Momentum Building on the Economic RecoveryMay 13, 2021 | By chad siemer
If you have been in the housing market for the past few months, or if you are even in a neighborhood social media group, you have probably encountered the struggle of houses moving on and off the market very quickly. Stories of houses being bought sight unseen because buyers have missed opportunities or had offers rejected. Everyone in my circle is concerned about the real estate market and I believe that there is a general belief that as the economy goes, so goes the real estate market. However, that is not what happened last spring when the pandemic hit. Everyone anticipated that the real estate market would falter, but the market paid little attention to the overall economy as the housing market went on a tear.
While it is my belief that the real estate market cannot continue to grow at the current rate, my “guess” is that it will come back to earth via a “soft” landing, especially if the economy grows as this article from FloridaRealtors.org suggests that it could. A strong economy could, however, encourage a prolonged Seller’s Market like the one we’ve been experiencing. A seller’s market happens when the number of buyers exceeds the number of homes for sale. This means that buyers have fewer homes to choose from, which in turn leads to less competition amongst sellers. These market conditions may inspire bidding wars amongst buyers, driving up the sale price and giving the seller more negotiating power.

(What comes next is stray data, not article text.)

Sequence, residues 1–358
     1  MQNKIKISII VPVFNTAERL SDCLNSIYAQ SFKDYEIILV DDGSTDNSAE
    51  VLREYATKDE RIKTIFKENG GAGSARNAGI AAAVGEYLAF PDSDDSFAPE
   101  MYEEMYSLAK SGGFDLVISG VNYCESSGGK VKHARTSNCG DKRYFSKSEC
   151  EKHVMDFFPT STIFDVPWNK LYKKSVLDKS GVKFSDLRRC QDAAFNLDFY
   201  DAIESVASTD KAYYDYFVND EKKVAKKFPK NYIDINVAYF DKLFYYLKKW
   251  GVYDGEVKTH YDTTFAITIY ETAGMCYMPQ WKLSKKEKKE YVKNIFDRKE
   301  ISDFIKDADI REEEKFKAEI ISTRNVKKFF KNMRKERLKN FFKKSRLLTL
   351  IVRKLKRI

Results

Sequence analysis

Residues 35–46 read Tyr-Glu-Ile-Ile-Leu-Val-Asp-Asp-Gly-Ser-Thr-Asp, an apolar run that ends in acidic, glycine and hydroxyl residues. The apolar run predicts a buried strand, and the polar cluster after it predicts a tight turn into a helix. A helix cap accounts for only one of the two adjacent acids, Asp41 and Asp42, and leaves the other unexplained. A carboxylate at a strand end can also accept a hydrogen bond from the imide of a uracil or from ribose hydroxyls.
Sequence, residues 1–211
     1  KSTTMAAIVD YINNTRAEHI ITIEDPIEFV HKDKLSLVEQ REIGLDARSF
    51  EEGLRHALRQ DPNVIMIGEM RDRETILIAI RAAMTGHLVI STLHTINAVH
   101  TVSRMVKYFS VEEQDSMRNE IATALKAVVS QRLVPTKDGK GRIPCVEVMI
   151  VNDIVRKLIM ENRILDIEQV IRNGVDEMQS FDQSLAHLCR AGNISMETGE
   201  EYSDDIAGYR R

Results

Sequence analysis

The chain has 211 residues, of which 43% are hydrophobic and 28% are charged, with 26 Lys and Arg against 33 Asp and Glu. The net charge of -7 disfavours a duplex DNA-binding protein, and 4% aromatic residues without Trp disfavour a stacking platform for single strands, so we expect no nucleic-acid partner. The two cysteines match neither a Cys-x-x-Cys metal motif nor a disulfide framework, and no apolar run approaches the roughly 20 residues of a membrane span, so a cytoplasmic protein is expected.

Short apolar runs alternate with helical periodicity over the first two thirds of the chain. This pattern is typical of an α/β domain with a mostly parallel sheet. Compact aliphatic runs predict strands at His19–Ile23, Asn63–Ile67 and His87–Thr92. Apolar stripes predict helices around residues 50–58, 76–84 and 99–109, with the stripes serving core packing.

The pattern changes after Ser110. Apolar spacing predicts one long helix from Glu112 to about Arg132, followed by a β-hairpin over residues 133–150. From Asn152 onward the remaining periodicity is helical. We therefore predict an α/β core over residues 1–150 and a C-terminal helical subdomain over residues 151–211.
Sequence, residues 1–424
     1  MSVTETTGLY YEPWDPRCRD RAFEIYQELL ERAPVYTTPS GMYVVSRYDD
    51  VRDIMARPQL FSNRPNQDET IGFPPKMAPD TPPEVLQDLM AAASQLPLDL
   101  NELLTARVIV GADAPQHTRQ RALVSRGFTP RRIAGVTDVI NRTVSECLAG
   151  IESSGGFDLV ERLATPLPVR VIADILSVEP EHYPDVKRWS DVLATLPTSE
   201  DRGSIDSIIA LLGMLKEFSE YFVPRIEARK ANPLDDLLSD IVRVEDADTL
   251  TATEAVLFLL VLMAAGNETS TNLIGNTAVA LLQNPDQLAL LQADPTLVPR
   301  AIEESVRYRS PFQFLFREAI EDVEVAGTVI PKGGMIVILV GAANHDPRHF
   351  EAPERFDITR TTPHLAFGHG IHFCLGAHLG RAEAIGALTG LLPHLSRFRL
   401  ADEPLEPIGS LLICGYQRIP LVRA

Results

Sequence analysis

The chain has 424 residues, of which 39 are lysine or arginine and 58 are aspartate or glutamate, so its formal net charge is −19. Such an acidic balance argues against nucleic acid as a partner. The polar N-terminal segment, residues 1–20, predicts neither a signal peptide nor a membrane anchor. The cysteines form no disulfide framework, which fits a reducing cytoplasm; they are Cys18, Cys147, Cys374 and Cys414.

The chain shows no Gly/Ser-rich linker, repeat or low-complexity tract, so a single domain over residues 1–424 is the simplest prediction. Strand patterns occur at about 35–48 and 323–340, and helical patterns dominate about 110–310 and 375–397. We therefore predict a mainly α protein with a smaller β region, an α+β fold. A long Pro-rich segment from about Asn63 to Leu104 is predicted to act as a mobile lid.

But within the broad economy, we are also seeing the recovery picking up momentum. As vaccination totals increase, more businesses are re-opening, and things are looking up across the board. With increased vaccination rates, many office jobs are requesting their employees return to the office, this then increases the business at lunch counters, fast food locations, and other convenience businesses. According to FloridaRealtors.org, “The bounce-back has been swift. In March, employers added 916,000 jobs – the biggest burst of hiring since August. Meantime, retail spending has surged, manufacturing output is up and consumer confidence has reached its highest point since the pandemic began.”
The U.S. housing market is 3.8 million single-family homes short of what is needed to meet the country’s housing demand, up 52% as compared with 2018’s shortfall, according to a new analysis from mortgage-finance company Freddie Mac. In 2018, Freddie Mac had estimated that the housing market was 2.5 million units short of what it needed to meet long-term demand. The new estimate is as of the end of 2020 and it emphasizes the severity of the housing supply. While there is no guarantee how long this current seller’s market can last, experts don’t see a dramatic shift until new construction can increase the listing inventory.